It is, I just felt my heart break when you said that. It sort of like, God, it's just such a reminder.
Yeah, it's heartbreaking, and it's unacceptable. It's 2017, there's enough wealth in the world to solve this problem. No one should be living in that kind of desperation. I saw my kids, the people in the school, who would have conditions like Malaria, and not be able to afford a five dollar medication, to fix their Malaria fever. There was a kid who died in our village, of a preventable disease, because his mom didn't have the money. In Ghana, there wasn't enough money for public healthcare, so if you have a traumatic injury, and you go to the hospital, and they don't have enough material for sutures that day, you will die in the hospital. These constantly, seeing these avoidable tragedies, made me aware that poverty is a problem we absolutely have to fix. I think it is the biggest moral problem in our lifetimes. And, it's the root cause of so many problems we try to fix downstream. Whether it's getting access, getting people access to clean water, sanitation, health care, all of these things are basically caused by poverty. If you figure out a way to help people increase their incomes, they solve all of those problems on their own. I learned in Ghana that, I think, the biggest challenge in a lot of these low-income communities, is job creation. So I started thinking, how can I create jobs in a place like my village that I was living in in Ghana? I went and I studied International Development at Harvard. I tried to understand why these people in places were so poor, and I kept coming across this very traditional charity model, of, okay, well, our way to solve the problem is, let's build a well for these poor people. Let's build a school. Let's send their government a lot of money, and hope that the government invests it in the right things. We've invested close to a trillion dollars in aid in Africa, in the last 60 years, and still incomes, for the poorest people, have remained virtually the same. They've not crossed a dollar a day. Why is that? Something in this model's not working. I had that kind of in the background, then I graduated from college, and my parents didn't have much money, and I needed to have a job, so I took a consulting gig.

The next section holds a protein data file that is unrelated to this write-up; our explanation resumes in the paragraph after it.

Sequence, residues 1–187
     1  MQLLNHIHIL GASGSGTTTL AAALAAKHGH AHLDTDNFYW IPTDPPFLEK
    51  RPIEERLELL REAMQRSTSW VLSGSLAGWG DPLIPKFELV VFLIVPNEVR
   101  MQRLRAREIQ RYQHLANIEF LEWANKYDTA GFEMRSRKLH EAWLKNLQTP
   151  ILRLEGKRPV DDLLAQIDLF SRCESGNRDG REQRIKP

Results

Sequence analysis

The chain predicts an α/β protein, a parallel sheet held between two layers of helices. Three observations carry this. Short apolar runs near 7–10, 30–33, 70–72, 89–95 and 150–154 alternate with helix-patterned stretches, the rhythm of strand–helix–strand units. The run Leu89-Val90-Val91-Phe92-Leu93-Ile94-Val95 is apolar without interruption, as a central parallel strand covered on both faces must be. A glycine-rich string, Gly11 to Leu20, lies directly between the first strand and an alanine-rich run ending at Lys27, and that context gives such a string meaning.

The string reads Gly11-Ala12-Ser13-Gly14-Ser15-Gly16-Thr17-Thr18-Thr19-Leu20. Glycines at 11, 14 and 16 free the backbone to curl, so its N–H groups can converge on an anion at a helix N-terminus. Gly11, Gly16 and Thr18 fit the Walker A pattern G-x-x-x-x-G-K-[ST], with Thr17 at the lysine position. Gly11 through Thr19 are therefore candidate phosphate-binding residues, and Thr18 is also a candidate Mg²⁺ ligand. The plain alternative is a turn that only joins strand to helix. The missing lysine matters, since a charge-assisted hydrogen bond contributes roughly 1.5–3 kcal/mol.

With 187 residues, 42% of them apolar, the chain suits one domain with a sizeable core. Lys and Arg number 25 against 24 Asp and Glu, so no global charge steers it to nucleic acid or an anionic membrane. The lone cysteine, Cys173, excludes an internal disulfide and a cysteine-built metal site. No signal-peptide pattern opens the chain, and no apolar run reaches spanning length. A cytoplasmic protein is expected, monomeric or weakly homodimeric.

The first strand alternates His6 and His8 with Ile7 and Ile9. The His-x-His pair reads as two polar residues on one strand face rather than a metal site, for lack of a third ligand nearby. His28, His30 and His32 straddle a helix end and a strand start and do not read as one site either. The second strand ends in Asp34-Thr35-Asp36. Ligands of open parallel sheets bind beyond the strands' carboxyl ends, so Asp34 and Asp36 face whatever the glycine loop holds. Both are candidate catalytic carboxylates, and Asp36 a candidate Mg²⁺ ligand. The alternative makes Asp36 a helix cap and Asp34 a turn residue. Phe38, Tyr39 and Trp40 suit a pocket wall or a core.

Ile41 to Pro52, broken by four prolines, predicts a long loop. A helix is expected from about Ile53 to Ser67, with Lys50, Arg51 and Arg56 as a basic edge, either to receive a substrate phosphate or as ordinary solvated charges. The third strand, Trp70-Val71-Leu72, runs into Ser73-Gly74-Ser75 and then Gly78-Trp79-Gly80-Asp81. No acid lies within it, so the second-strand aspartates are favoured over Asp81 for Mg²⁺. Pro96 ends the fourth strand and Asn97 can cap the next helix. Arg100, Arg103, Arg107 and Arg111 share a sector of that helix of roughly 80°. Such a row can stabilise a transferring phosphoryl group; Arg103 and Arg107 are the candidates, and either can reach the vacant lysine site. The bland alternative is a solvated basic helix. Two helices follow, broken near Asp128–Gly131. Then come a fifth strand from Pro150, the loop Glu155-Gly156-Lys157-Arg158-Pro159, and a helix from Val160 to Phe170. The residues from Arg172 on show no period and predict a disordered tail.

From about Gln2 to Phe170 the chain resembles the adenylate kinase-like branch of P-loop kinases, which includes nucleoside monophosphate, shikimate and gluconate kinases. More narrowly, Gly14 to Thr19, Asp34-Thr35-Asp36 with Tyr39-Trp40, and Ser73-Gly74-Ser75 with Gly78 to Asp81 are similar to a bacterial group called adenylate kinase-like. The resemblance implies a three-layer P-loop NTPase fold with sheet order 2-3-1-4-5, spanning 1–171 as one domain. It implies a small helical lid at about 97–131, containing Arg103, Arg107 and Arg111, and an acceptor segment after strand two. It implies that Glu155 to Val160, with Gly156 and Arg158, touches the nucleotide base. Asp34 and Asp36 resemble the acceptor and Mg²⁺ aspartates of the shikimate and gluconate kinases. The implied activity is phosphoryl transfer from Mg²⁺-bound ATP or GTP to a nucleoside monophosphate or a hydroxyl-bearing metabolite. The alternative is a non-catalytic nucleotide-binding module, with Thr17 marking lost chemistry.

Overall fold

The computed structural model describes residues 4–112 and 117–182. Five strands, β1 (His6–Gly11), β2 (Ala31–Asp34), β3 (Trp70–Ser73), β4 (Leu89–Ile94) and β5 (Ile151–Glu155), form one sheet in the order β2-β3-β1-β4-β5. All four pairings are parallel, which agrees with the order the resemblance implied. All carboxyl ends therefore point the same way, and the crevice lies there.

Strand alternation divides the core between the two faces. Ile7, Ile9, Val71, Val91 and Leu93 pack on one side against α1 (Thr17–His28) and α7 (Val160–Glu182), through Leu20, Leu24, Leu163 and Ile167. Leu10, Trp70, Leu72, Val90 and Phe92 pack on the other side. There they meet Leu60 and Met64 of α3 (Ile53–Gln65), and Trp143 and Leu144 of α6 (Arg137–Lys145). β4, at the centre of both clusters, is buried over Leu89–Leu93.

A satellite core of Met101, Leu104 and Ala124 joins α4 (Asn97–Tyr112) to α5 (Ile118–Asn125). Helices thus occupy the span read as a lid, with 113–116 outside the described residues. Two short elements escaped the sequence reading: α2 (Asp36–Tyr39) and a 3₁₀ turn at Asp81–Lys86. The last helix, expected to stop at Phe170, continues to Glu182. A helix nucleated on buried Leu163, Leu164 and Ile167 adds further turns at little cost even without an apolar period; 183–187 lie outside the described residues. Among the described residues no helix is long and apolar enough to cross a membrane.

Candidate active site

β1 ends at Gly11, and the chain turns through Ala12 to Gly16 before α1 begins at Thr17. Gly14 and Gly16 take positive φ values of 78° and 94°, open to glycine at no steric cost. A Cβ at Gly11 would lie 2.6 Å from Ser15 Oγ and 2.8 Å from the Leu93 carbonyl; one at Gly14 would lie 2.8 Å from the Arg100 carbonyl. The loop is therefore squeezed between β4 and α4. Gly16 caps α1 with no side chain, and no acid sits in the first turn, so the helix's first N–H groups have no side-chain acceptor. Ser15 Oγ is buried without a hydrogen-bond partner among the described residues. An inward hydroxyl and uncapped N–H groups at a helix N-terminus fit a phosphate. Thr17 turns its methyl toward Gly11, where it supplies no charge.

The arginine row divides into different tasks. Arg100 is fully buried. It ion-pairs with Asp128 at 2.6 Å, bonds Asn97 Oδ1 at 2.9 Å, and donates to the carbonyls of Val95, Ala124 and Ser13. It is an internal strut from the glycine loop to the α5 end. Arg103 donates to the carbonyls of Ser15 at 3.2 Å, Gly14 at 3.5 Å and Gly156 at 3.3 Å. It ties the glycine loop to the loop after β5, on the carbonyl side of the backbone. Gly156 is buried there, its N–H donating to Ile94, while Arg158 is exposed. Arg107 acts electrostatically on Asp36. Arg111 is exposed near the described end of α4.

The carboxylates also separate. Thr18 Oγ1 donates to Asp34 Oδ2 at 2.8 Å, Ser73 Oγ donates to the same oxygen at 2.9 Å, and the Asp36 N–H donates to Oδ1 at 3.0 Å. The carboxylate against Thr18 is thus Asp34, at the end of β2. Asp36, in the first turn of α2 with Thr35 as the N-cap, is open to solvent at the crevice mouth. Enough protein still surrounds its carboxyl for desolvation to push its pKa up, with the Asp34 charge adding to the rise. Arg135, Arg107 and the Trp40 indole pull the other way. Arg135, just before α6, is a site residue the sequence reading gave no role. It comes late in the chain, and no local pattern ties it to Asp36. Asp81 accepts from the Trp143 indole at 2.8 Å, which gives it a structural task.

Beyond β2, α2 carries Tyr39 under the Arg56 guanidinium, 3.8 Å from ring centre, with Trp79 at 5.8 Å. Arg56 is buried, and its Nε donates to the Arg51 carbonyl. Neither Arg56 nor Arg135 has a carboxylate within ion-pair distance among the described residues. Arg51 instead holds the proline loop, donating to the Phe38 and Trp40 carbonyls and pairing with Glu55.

Your parents were first generation?